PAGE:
Monday, February 21, 2005

Damages and breach of the right to a fair hearing

Breach of the right to a fair trial will usually be vindicated by the declaration of the appellate court that there had been a breach, and a quashing of the conviction. There may also be an order for a retrial, which, in a remote sort of way, can also be of advantage to the accused if he obtains an outright acquittal. Awards of damages for breach of fair trial rights are rare, and when made have been "noteworthy for their modesty": R v Secretary of State for the Home Department, ex parte Greenfield [2005] UKHL 14 (16 February 2005), per Lord Bingham at para 17, in a judgment with which the other members of the House concurred.

Special damages may be awarded where a causal connection can be shown between the breach of the right to a fair trial and a loss for which compensation is claimed (para 11), and general damages can arise in rare cases where it can be shown that the applicant has been deprived of a real chance of a better outcome (para 14), or where there has been physical or mental suffering attributable to the breach of the right (para 16).

Where damages are appropriate, should domestic courts apply domestic scales of awards, or should they follow international law precedents? In Greenfield, the position was governed by the statutory relationship between the domestic courts and the Strasbourg court. Some points considered material by Lord Bingham at para 19 of Greenfield suggest analogous questions that may usefully be asked on this issue:
  • (1) is the relevant rights legislation a torts statute?
  • (2) has the rights statute been enacted with a view to giving remedies that improve on those at common law?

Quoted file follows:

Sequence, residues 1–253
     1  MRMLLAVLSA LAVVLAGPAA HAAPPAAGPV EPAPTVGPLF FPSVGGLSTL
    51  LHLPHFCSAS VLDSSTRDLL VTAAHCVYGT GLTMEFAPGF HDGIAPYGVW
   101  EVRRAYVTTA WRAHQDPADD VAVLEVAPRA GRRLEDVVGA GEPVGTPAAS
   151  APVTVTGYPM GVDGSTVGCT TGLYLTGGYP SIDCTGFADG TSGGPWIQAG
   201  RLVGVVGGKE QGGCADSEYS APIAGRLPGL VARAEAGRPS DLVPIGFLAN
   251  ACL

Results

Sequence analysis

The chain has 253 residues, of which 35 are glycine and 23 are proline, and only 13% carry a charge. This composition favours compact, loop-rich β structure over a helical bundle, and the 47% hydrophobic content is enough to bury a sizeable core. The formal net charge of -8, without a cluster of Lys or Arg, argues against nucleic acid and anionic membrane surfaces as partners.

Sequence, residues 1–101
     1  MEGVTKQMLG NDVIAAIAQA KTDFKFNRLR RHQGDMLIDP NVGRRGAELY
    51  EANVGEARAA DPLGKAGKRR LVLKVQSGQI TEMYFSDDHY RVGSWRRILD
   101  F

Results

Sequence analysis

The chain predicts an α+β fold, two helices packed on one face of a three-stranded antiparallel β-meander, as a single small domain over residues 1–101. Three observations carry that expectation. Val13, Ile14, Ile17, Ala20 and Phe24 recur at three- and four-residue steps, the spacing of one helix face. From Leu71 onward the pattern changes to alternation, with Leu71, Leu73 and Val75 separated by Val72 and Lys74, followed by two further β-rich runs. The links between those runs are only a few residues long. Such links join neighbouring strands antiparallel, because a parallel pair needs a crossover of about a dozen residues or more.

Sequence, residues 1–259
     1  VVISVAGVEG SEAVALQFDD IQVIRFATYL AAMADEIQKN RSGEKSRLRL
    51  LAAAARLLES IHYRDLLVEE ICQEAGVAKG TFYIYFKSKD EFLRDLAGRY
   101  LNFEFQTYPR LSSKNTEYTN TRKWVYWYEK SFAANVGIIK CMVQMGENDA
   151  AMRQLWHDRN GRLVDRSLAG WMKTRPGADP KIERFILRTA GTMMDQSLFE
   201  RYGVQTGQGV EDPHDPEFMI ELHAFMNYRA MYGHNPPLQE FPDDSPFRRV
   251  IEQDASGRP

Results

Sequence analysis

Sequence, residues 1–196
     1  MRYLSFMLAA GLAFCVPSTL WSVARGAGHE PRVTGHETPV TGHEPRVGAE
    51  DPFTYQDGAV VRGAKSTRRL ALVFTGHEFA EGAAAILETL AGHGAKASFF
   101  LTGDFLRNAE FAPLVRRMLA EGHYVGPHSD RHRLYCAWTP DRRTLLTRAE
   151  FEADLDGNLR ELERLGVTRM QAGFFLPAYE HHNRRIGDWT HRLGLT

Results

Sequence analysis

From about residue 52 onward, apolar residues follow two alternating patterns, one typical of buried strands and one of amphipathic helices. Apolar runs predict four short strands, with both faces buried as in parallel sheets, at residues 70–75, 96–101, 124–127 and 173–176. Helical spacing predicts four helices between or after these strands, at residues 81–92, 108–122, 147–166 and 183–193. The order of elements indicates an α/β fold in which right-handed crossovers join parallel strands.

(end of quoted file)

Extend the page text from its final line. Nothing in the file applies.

• (3) is there any legislative direction concerning the relevance of international awards of damages?

In Greenfield, it was accepted by the respondent that, in the light of a decision of the European Court that had been given after the lower courts’ decisions in this case, there had been breaches of the right to a fair hearing because the tribunal (a deputy controller determining an allegation of breach of prison rules) was not independent or impartial, and because the applicant had been denied legal representation notwithstanding that he had a lawyer who was available to act. Nevertheless, the House of Lords found that the hearing appeared to have been conducted in an exemplary way, and it would not speculate as to whether legal representation would have made a difference to the outcome. There was, furthermore, nothing special in the case that warranted special damages for anxiety or frustration. Damages were declined but declarations of the breaches of the fair trial rights were made. Costs were reserved for further submission.

Obviously, these declarations will result in improved procedures for other people charged with breaches of prison discipline. It seems, however, that Mr Greenfield had an additional 21 days of imprisonment added to his sentence in circumstances where a conviction would have been quashed if he had been subject to the jurisdiction of the criminal court. This case is a special example of the general difficulties that people who successfully appeal convictions face in obtaining a remedy for such sentences as they may have served.

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